EDR, EPP convergence to strengthen neglected endpoint
Jeremy Matthews, Regional Manager, Panda Security, says there is continued interest from the South African market in the convergence of Endpoint Protection Platforms (EPP) with Endpoint Detection and Response (EDR) solutions to strengthen what is considered the most vulnerable part of the ICT infrastructure.
Matthews was presenting Panda Security's position on the topic of EDR as a subset of endpoint security at the ITWeb Security Summit 2019 hosted in Sandton, Johannesburg this week.
"Traditionally what we've seen happen is lots of expenditure in a whole range of categories of security ... people putting money into perimeter security, identity and access management. And endpoint has become somewhat neglected, we've put antivirus on our endpoints and that's the only defence mechanism that we have on endpoints. Meanwhile, as we know, the whole world is changing and the concept of the perimeter doesn't exist as it used to do," said Matthews.
He cited a Data Breach Investigations Report from Verizon which reflected a timeline of how increasingly endpoints have become the target.
"It kind of makes sense because it is such a vulnerable part of your ICT infrastructure ... so easy for hackers to acquire credentials. Once a hacker has access to an endpoint, he or she can pretty much go anywhere. There are lots of tools that can be used to start escalating privileges, traversing through the organisation, and causing absolute havoc and stealing data IP," he said.
Matthews added that the EDR market is expanding rapidly as the demand for endpoint security increases amid an evolving threat landscape, marked by the proliferation of malware and ransomware.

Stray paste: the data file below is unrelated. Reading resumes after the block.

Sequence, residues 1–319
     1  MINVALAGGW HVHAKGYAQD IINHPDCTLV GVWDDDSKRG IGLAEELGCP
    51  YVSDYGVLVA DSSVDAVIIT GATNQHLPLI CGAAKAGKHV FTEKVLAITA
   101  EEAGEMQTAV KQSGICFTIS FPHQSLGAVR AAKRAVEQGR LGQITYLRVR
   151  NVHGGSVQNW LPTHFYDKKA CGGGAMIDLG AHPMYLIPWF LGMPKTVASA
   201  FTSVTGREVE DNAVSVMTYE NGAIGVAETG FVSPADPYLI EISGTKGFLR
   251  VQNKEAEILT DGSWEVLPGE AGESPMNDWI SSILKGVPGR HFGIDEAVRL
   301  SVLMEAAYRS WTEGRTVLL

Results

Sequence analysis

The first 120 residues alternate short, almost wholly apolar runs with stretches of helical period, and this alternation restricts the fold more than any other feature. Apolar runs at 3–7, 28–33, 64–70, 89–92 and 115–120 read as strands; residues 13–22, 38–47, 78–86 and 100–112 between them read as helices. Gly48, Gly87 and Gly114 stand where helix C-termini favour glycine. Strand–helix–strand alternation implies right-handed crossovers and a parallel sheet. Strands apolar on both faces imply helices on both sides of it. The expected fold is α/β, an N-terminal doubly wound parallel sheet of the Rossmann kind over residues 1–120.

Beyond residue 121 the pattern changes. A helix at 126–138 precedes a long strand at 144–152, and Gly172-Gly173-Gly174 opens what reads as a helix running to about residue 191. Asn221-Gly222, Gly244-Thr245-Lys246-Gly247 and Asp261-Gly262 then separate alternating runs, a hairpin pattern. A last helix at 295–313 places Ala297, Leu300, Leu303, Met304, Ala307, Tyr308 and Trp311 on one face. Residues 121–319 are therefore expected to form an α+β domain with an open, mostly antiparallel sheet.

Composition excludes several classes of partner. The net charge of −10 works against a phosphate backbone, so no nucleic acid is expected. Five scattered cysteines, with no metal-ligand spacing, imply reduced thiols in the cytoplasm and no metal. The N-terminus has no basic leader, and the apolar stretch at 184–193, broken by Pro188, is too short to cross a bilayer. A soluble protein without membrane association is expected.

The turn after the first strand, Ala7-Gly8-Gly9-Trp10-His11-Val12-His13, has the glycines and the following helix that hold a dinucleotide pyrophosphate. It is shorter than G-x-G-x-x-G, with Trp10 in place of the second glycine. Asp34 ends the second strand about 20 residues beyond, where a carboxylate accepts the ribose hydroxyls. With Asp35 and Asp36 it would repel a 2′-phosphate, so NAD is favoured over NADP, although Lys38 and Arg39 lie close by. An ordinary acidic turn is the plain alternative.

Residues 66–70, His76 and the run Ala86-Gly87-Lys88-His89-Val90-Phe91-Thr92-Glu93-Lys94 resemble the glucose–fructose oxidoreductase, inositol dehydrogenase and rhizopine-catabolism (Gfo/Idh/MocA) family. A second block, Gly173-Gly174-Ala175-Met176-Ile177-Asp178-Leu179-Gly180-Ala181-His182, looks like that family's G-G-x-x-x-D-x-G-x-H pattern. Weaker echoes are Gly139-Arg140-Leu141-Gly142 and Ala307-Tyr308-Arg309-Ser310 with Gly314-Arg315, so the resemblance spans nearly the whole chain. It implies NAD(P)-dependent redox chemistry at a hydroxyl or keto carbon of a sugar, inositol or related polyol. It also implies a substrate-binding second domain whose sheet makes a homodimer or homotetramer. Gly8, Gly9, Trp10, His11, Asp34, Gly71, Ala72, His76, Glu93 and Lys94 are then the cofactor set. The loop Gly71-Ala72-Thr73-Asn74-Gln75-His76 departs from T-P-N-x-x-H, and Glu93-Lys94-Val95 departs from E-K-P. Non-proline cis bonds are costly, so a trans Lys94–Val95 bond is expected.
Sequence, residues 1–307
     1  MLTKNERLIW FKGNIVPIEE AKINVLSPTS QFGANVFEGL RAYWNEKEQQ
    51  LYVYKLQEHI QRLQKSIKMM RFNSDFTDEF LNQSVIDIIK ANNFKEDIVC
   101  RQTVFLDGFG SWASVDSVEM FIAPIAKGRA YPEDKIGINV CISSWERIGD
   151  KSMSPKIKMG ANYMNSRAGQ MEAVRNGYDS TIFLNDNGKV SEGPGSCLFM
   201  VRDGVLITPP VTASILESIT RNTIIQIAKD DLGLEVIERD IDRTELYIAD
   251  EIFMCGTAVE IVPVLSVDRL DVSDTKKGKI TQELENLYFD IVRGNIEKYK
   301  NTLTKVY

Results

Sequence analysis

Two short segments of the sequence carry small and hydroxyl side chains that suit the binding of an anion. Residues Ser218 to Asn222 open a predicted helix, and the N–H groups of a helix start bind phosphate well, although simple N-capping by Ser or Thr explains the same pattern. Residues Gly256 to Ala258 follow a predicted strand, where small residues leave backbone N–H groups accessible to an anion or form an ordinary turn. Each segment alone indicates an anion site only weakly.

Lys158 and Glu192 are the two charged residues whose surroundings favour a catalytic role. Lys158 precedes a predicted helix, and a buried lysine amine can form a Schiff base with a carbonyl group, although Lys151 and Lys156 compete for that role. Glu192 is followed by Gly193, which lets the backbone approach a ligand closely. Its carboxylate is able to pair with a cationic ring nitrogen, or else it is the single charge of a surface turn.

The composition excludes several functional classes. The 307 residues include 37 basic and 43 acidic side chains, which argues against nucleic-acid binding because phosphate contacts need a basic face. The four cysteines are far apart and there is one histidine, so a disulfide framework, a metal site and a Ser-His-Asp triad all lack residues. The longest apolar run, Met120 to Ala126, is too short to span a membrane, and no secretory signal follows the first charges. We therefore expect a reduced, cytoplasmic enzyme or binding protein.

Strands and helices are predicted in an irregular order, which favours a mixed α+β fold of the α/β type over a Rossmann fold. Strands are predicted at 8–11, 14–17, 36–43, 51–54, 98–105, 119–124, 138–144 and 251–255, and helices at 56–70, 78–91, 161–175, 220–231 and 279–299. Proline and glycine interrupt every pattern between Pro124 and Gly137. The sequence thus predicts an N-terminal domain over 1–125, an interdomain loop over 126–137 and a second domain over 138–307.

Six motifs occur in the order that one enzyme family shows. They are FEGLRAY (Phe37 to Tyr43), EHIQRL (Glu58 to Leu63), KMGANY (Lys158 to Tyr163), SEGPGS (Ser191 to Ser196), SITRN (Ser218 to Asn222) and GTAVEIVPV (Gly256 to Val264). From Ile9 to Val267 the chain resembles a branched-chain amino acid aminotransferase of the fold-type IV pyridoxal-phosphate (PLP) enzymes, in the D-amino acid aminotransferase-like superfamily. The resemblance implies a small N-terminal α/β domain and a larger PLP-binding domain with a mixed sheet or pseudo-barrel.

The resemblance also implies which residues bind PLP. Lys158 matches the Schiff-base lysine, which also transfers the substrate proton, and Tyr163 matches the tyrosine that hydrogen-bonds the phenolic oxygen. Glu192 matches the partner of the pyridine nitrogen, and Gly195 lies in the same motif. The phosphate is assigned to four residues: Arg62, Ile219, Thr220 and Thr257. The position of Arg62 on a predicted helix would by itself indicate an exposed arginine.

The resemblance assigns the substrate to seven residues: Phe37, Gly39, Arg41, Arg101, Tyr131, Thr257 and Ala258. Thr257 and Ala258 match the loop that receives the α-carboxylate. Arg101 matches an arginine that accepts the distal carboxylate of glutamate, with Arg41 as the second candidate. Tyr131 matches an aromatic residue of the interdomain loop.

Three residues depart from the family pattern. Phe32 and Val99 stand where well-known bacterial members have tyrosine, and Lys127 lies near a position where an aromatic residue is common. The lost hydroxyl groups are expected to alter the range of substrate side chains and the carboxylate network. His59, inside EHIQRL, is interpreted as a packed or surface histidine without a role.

This is where EDR is being positioned to add the visibility, analysis and telemetry required by businesses to know who or what is behind an attack, and why – which is functionality not built into EPP.
Matthews said while EPP or antivirus is premised on what is known and that is a weakness, it still plays an important role.
"Your EPP, which is the term we commonly use nowadays for antivirus, characteristically it is patent-based, signature-based protection and it is premised typically on blacklisting techniques, and what is known. And of course that is the whole weakness of EPP technologies, is that they are premised on what is known. That said, they still serve a critical role, particularly in terms of dealing with commoditised malware.
"What you'll find is that EPP solutions typically involve a stack of solutions, so it is not just about antivirus... you'll find you've got a personal firewall, you've got device control, web filtering, you've got data loss prevention, it depends on who the vendor is and their particular stack. But the bottom line, in general terms, EPP is a reactive technology and it is about blocking. It doesn't increase the level of protection, it is a kind of shield, a defensive mechanism in what has become a very limited context," Matthews said.
EDR, by comparison, will involve the recording of endpoint process and the ability to rapidly identify indications of attack and compromise, he continued.
One of EDR technology's key characteristics is the monitoring of endpoint processes and looking for policy violations. Another is once an incident is detected, with far deeper telemetry and analysis, is the ability to contain an incident on the endpoint – to isolate the endpoint.
"Ideally still being able to communicate with that endpoint, there's no point in shutting off the endpoint if you can't do anything with it in terms of communication yourselves. We need to be able to investigate incidents, you need the tools to be able to establish indications of compromise – both in technical terms (as far as the technical changes that have occurred on the endpoint) and then critically in business terms, coming through ideally to be able to do attribution to who the adversary is. We really need to know if we're being attacked, by whom and why," said Matthews.
Industry pundits foresee the general convergence of EPP with EDR.
"What we are seeing as a market trend is EPP vendors are now adding EDR capability into their products and interestingly EDR vendors are extending the scope, adding EPP capability. The Gartner prediction is that in not many years' time, we'll see a converging of EDR and EPP technology generally," said Matthews.
As competition increases among IT security vendors – irrespective of their core focus or approach – this will fuel the need to differentiate said Matthews and managed services on technology will become critical, as will delivery.